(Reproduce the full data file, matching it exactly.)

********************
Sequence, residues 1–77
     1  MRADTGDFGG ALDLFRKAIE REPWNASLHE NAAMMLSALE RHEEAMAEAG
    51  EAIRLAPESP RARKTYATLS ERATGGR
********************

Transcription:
Sequence, residues 1–77
     1  MRADTGDFGG ALDLFRKAIE REPWNASLHE NAAMMLSALE RHEEAMAEAG
    51  EAIRLAPESP RARKTYATLS ERATGGR